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Humane Society

Beware, be aware.

I one hundred percent want you to save an animal's life, and by no means want you to stop going to humane societies to find a new family friend. Their background checks are fairly good and you can be assured they will go to a good home, and you are guaranteed a good pet, considering most don't make it. By all means, please go pick up animals from the humane society.

My problem, however, is what happens if you drop off an animal.

Beware the humane society!

Though they may do good for the animals that they do sell, there are a lot that they don't advertise or tell people about.

  1. I found a cat; very sweet and in good health. We took it to the vet to check for a chip because it had no collar. The vet gave it a clean bill of health, though there was no chip. So we took him to the humane society to be put on the website so the owner could find it, or it could go to a good home. When I checked the website, his picture or data wasn't up. A few weeks pass and still no picture, I assumed they were just busy. Though there were only 3 cats in the shelter that week. When we called to check up on the said cat (because the owner did find us) they said it was put down. It didn't even make it on the website, I doubt it made it through the doors, even though it was sweet healthy, and had a home. Though the humane society says it's a no kill shelter, that's only for the”sellable” ones. Even if they make it to the website, they can be “sold” to pet shops or other places that could put it down.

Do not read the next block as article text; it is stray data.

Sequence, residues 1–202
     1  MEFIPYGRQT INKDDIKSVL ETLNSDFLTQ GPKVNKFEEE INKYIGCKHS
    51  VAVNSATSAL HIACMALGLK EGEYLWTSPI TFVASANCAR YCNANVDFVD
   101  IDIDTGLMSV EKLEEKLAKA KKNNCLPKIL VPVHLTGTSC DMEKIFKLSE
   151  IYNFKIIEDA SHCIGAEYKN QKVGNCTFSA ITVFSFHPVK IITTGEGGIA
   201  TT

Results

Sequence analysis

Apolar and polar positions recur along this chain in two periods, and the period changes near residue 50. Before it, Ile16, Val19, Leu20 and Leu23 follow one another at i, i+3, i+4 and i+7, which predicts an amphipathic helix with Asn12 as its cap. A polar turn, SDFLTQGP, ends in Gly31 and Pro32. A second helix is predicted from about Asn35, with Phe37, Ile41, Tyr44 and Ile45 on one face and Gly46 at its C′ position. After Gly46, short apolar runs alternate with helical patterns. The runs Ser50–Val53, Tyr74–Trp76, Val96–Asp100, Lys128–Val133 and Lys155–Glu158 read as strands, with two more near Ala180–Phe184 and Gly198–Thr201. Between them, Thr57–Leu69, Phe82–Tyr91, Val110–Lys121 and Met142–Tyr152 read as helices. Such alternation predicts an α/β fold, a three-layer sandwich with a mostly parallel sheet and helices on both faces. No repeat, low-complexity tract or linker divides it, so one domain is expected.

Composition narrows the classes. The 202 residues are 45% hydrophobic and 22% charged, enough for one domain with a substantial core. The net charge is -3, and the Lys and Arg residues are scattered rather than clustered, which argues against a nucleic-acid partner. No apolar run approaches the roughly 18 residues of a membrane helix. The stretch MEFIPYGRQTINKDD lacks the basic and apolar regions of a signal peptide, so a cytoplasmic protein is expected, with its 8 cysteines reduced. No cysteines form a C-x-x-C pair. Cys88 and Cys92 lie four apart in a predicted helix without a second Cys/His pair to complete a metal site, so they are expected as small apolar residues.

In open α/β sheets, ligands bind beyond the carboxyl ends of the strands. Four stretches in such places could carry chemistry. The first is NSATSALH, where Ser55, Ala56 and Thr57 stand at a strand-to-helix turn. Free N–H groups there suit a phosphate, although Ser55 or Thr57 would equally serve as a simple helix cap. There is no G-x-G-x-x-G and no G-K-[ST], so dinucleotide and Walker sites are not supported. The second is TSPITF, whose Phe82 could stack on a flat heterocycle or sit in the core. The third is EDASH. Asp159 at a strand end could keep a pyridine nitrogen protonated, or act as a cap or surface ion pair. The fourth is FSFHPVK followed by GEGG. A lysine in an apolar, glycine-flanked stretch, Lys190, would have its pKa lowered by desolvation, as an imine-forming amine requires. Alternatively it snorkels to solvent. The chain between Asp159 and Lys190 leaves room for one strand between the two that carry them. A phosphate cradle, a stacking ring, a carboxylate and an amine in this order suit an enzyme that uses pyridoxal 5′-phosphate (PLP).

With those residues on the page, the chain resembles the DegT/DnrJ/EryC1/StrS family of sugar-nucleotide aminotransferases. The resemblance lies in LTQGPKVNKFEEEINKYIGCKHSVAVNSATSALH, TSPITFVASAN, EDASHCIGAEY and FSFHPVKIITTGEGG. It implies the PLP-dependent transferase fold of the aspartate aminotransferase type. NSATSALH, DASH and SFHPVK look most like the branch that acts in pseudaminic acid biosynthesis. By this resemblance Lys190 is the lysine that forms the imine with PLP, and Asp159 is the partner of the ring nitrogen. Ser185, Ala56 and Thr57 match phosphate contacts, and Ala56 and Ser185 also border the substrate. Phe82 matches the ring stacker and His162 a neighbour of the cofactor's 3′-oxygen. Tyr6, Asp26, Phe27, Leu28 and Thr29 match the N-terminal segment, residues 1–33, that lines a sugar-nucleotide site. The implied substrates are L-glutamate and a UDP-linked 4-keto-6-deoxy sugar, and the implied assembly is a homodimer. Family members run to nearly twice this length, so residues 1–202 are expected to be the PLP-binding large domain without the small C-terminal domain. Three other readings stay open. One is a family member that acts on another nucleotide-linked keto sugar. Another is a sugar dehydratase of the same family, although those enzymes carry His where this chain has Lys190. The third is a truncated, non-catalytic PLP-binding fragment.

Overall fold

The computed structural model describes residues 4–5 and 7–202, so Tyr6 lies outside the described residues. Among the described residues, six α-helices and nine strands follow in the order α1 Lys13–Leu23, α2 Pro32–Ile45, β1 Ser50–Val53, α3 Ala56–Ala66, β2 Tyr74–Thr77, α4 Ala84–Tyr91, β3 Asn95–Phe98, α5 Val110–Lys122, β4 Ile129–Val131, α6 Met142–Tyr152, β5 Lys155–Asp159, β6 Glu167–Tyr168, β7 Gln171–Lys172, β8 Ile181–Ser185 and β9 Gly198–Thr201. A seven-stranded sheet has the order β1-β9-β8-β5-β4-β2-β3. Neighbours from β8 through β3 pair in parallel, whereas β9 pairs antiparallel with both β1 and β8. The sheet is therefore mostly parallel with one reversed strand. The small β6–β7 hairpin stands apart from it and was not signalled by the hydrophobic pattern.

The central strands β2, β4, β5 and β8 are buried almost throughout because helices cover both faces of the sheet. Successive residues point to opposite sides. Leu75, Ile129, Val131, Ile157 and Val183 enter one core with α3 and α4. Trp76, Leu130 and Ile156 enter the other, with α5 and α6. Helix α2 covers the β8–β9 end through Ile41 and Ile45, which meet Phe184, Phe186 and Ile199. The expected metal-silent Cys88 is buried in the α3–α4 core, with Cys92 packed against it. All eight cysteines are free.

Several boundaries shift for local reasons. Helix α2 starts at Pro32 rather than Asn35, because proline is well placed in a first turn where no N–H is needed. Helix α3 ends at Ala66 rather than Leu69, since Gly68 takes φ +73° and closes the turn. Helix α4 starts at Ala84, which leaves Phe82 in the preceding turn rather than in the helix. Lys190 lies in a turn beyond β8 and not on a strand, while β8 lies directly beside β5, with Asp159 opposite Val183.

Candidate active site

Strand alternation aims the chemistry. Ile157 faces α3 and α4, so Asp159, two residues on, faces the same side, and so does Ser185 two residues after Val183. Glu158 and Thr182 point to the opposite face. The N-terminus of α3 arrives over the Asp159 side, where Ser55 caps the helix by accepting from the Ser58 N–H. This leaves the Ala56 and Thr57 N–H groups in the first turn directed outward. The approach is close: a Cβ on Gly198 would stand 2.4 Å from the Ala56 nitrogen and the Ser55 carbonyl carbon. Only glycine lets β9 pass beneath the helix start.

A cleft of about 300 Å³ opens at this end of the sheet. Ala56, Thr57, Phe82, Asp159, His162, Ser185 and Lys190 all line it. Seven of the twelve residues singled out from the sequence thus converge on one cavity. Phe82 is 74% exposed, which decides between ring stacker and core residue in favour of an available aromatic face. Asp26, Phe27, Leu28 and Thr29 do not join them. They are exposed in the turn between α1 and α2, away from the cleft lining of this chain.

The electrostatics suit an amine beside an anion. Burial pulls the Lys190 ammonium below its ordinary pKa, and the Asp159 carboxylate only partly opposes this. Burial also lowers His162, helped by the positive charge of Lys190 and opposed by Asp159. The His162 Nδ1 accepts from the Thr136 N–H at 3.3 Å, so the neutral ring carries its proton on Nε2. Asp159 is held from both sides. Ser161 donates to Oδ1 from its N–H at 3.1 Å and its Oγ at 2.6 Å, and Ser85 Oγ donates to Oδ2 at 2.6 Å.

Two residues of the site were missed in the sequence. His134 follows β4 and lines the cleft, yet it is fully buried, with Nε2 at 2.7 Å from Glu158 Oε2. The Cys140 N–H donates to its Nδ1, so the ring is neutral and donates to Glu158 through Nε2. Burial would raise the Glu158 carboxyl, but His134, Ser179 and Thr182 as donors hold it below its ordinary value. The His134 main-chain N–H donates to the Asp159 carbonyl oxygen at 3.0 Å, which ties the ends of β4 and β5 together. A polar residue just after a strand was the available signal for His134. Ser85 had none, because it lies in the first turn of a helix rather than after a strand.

2. I work at a wildlife rehabilitation center. While the humane society does not take wild animals, they are supposed to give the public references to places that do (at least I feel they should). And if you bring one in, they will just euthanize it in the back, because they don't have time to take them to a rehab place.
  3. The drivers were told to bring kittens to a different shelter (that wouldn't kill them) but since they only listen to the humane society, over half the divers didn't, and the kittens would be euthanized, because there are too many or they “don't have space/time.”
  4. There were pictures posted of gerbils being lined up from largest to smallest after being euthanized because those specific people at the humane society thought it was funny. The public and animal lovers however did not find “a countertop FULL of dead gerbils in a row” funny; as I would like to think most people don't.

Please do not drop animals off at the humane society, unless you are prepared to end its life.

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Humane Society
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